'The Dune' ('La Dune'): Film Review

Les Films du Poisson
A minimalist transcontinental mystery whose strong visuals can't compensate for a sketchy plot and laconic direction.

Niels Arestrup ("A Prophet") and Lior Ashkenazi ("Footnote") play two strangers with a deeply hidden connection in writer-director Yossi Aviram's debut feature.

If, as Alfred Hitchcock once remarked, films can be like "slices of cake," then the meandering mystery movie The Dune (La Dune) could definitely use some extra chocolate, sprinkles, Reddi-wip, a scoop of vanilla ice cream — anything to give this rather bland Franco-Israeli co-production some more flavor.

Marking the directorial debut of former cinematographer Yossi Aviram (Under the Same Sun), this existential thriller about a man from Israel who turns up in France only to fall under investigation by a retiring detective, takes a decent premise and goes nowhere exciting with it, drawing every scene out to its maximum boredom point. It's too bad, because with a cast of talented actors like Niels Arestrup (A Prophet), Lior Ashkenazi (Footnote) and Guy Marchand (Coup de torchon), as well as some gorgeous background scenery, there was certainly enough to work with. Following screenings in San Sebastien, San Francisco and Haifa (where it won the award for Best Debut Film), The Dune is receiving a limited summer release in Gaul.

A prologue, set in an unnamed Israeli city, introduces us to Hanoch (Ashkenazi), a quiet man who fixes bikes for a living and plays chess as a pastime. When he refuses to have a baby with his girlfriend (Dana Adini), pushing her to get an abortion, he's soon kicked out of the house and then takes off altogether, winding up in Paris for unknown reasons.

Cut to missing persons investigator Reuven (Arestrup), whose encounter with a writer-on-the-run (a cameo-ing Mathieu Amalric) leads to tragic results, throwing the crotchety detective into a funk as he decides to take an early retirement. But when Hanoch suddenly shows up in his neighborhood and is then found unconscious on a beach in the southwest Landes region, Reuven is drawn into one last case, which turns out being much closer to home than he imagines.

Using minimal action to move the narrative forward, Aviram sets up a mystery that's fairly easy to solve, at least for the viewer, which means we're left watching two characters who will gradually reveal themselves as time progresses. Unfortunately, neither Hanoch nor Reuven do or say much of anything at all, the former deciding to go on a dialogue strike until the truth comes out during the 11th hour, and the latter brooding in his car, his bed or in various cafes where he slumps over the counter.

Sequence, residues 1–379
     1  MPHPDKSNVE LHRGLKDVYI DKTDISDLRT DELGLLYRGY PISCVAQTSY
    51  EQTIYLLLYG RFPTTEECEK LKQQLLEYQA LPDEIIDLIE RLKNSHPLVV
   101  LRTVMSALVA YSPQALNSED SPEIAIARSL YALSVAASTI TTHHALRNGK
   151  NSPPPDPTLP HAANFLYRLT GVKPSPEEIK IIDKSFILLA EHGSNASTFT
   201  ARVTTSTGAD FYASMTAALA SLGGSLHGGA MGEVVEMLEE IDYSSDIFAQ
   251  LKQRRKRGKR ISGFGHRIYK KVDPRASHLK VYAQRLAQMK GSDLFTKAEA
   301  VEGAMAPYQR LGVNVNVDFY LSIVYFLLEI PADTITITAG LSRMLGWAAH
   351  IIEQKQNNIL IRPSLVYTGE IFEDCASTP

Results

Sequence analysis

Supporting roles by the sprightly Emma de Caunes (The Science of Sleep), playing a local pregnant woman, and the classy Guy Marchand, playing Reuven's long-term boyfriend, manage to bring some variation to what's otherwise a rather classic case of cinematic ennui. And even if Aviram — who also wrote Sameh Zoabi's Under the Same Sun — ultimately has something to say about the choices we make and the tough consequences they entail, he does it in a way that's too laconic to create genuine emotion.

Despite the sparse storytelling, The Dune benefits from the delicately lit visuals of DP Antoine Heberle (Paradise Now), who creates some strong parallels between the French and Israeli landscapes, or else utilizes windows and doors to reflect the action in clever ways. Atmospheric sound design by Gil Toren (Zaytoun) is also a plus.

Production companies: Les Films du Poisson, Lama Films/United King Films
Cast: Niels Arestrup, Lior Ashkenazi, Guy Marchand, Emma de Caunes
Director, screenwriter: Yossi Aviram
Producers: Yael Fogiel, Laetitia Gonzalez, Ayelet Kait, Amir Harel
Executive producer: Johan Broutin
Director of photography: Antoine Heberle
Production designer: Manu de Chauvigny
Costume designer: Alexia Crisp-Jones
Editors: Anne Weil, Francois Gedigier
Composer: Avi Belleli
Sales agent: Le Pacte

No rating, 86 minutes